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16 August 2011
 
The 10x10 MSA consortium has announced the public availability of 10km and 40km transceiver specifications that will allow it to expand into campus and metro applications.  The group says it was compelled to develop a new specification for longer reach applications to “eliminate the need for custom or proprietary solutions, while also reducing both development and manufacturing cost”.
 
The MSA (multisource agreement) was originally motivated by Google’s desire for a lower-cost, faster to market alternative to the 100GBase-LR4 specification based on 10Gbps rather than 25Gbps signalling. 
 
Formed in December 2010, the consortium has developed specifications for a 2km-reach optical module in a CFP form factor, and vendors are delivering compliant products. “Optical modules based on the 10X10 standards have become the most popular singlemode 100Gbps optics,” claimed Milind Gokhale, Santur’s chief technology officer.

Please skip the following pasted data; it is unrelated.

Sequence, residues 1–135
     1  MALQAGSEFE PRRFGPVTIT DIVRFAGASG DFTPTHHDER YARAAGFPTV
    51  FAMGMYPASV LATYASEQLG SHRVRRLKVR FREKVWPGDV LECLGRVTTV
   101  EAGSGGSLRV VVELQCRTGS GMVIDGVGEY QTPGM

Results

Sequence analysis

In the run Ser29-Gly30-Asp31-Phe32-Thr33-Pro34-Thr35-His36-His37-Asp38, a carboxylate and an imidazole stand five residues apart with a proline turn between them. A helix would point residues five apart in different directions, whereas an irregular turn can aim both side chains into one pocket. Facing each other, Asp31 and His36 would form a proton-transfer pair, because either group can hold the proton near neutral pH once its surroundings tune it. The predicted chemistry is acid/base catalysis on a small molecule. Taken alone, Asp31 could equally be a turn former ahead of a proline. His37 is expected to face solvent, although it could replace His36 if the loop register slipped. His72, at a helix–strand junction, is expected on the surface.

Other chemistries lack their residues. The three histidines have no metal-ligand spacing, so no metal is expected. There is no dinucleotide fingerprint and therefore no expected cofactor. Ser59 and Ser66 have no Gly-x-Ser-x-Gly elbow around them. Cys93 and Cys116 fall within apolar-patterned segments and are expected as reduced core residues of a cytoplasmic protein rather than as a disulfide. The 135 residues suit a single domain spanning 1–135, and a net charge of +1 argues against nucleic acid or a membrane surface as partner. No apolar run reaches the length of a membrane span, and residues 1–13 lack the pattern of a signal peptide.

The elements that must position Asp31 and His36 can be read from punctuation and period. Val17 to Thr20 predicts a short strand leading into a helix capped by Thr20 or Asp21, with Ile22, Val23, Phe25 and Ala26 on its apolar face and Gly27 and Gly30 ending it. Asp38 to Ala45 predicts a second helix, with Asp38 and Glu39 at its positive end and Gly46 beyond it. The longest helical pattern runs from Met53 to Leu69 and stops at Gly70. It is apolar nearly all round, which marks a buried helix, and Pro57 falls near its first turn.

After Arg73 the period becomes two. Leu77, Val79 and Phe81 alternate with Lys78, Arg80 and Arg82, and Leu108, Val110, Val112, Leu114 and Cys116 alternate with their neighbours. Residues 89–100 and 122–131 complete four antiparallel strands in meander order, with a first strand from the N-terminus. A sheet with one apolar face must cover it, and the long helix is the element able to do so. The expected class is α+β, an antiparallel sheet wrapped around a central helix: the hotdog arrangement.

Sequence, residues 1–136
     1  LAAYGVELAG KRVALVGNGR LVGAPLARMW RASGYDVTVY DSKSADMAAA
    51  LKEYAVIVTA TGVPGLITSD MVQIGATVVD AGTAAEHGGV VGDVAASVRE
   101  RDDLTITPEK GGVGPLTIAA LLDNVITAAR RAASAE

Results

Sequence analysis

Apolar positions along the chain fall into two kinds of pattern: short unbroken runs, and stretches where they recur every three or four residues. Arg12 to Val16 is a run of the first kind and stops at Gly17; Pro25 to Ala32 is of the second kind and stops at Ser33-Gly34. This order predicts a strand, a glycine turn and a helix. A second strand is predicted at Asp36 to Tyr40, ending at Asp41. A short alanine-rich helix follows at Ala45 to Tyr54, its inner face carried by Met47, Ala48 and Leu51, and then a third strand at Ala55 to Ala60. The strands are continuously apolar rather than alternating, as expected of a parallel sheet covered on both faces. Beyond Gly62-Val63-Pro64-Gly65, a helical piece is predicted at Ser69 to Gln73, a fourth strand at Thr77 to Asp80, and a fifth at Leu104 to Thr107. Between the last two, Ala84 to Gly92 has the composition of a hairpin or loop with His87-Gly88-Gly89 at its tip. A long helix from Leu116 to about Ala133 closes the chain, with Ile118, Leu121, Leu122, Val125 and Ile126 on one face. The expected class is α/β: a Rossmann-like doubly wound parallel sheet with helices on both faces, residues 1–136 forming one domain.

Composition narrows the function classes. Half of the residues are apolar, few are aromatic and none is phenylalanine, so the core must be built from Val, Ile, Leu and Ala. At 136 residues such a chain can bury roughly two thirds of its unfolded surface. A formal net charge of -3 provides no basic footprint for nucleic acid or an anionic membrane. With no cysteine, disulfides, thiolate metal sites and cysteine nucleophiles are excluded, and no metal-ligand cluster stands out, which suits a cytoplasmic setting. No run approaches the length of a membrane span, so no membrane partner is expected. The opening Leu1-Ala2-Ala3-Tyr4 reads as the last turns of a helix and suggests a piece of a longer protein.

The 10 km-reach specification builds on existing 2 km specifications to ensure backward compatibility and interoperability with the existing 10X10-2km standard. This helps service providers extend data centre networks to campus networks and beyond.
 
The 40km specification employs 10 wavelength channels on a 100GHz DWDM grid to enable seamless upgrade of existing 10Gbps metro links to 100Gbps over up to 40km of singlemode fibre without the need for regeneration or amplification.
 
“The new 10X10-40Km standard enables up to 800 Gbps of data to transmit over a single fibre – that’s the speed the industry needs,” said Scott Kipp, chair of the 10X10 MSA and senior technologist at Brocade.
 
By Pauline Rigby